It was my fiftieth birthday and when I got up that morning I decided to celebrate by giving myself the day to do anything I wanted – something that I had always wanted to try and had never allowed myself time to do. I decided to try to write music. It seems unbelievable that I had been playing piano since the age of four and had never tried to write music of my own. It just never entered my head that I would be able to do this. I didn’t believe I was intelligent enough.
When I began composing, the music and lyrics would flow out in complete form. I would sit on the couch in the evening watching TV and writing words and music at the same time. Sometimes I didn’t even listen to them until the next day. Many of them were about places and things and events in Colorado. I wrote songs about everything and everybody. I realize now that the compositions followed my own experiences with music. I worked my way through folk music, country, blues, pop, show music, even some rock, and then the music started turning spiritual with new age lyrics about a visionary world.
At one point I was in contact with one I called Frances, as I spelled it for a long time until it was corrected to Francois. A couple of years after that the last name came down and it was Couperin, who was a famous French composer and musician, a harpsichordist for the court of Louis IV and the teacher of the royal princes and princesses.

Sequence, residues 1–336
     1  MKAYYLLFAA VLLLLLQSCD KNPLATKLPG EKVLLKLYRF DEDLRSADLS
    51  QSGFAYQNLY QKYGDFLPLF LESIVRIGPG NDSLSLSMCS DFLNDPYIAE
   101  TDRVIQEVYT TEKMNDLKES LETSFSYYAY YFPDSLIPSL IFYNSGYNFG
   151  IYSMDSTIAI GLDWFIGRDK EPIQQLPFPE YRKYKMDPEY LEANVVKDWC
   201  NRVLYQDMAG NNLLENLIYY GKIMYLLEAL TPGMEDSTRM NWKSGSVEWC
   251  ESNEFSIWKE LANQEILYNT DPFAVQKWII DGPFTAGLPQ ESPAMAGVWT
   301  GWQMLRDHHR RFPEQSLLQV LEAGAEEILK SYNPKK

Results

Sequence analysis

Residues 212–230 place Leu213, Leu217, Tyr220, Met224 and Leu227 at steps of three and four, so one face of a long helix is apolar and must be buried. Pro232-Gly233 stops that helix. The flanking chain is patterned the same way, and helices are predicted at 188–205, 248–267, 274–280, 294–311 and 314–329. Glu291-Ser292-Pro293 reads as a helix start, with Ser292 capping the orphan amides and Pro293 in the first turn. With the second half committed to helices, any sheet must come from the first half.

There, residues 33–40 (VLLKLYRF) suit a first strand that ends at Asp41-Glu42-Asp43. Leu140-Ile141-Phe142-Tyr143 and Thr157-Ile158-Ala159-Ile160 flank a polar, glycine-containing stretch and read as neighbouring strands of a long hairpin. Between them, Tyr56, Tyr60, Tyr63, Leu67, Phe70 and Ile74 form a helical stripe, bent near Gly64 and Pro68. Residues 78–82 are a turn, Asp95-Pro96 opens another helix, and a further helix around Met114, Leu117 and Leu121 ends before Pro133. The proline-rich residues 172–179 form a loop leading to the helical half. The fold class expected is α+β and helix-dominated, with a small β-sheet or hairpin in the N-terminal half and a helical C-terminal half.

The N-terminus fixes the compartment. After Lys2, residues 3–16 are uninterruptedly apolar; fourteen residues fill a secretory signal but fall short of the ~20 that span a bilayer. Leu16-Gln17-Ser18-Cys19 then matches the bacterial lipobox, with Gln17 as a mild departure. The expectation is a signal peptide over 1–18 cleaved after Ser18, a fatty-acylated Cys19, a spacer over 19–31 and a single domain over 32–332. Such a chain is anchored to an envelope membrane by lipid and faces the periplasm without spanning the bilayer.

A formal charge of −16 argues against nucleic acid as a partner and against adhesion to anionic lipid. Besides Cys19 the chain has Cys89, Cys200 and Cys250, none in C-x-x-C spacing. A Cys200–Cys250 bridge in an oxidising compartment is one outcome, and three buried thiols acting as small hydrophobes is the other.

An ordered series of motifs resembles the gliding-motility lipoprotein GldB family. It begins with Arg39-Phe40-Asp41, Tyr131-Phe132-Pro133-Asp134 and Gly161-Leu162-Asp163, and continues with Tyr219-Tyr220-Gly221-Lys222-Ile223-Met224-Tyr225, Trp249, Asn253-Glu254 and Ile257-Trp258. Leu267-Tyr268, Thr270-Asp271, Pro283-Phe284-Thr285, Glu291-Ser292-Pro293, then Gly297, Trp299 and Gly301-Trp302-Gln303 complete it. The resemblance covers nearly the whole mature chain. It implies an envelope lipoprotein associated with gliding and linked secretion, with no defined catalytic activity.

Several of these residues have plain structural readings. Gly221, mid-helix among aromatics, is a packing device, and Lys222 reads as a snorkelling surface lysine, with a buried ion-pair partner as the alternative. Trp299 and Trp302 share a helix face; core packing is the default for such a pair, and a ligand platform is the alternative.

A year later, I began to receive information from a spiritual source that flowed the same way as the music. Some of the information came from a being named Sashuyon and one of his former incarnations had been as Tchaikovsky. This is where the Russian influence came from in the music.
Eventually I was in touch with the Musical Universe and the Science of Music started coming through. This science will give the world much needed new technology by applying music to seven established sciences for new ways of healing not only humans but also the earth herself.
The day I decided to start composing music, the first song I wrote was entitled “Walk, Walk, Walk with the Angels.” I hated it. I didn’t want to write religious songs. Then I realized that while writing the song I was seeing a vision of angels parading across the top of Grand Mesa, a 14,000 flat top mountain close to my home in Grand Junction. I decided it was meant to be and went on to write another song. This one turned out to be very different. It was about the female singer in my dance band. It continued on from there.
One evening while driving to choir practice a song started coming through and I had to write it on a piece of paper while driving the car. This was kind of hard to do and also kind of dangerous. This song was entitled “When the Columbine Turns Blue Again” and was inspired by a trip we had made up onto the Grand Mesa to cut firewood for our fireplace. I was later informed that this was a reflection on a previous life I had lived.
By the time I had twenty-five songs written I decided to write a musical play and fit the songs into it. I called this play “Boomtown, U.S.A.” Our area was a boomtown at this time based on the oil shale development that was going on at this time is western Colorado. This play will soon be available on my website.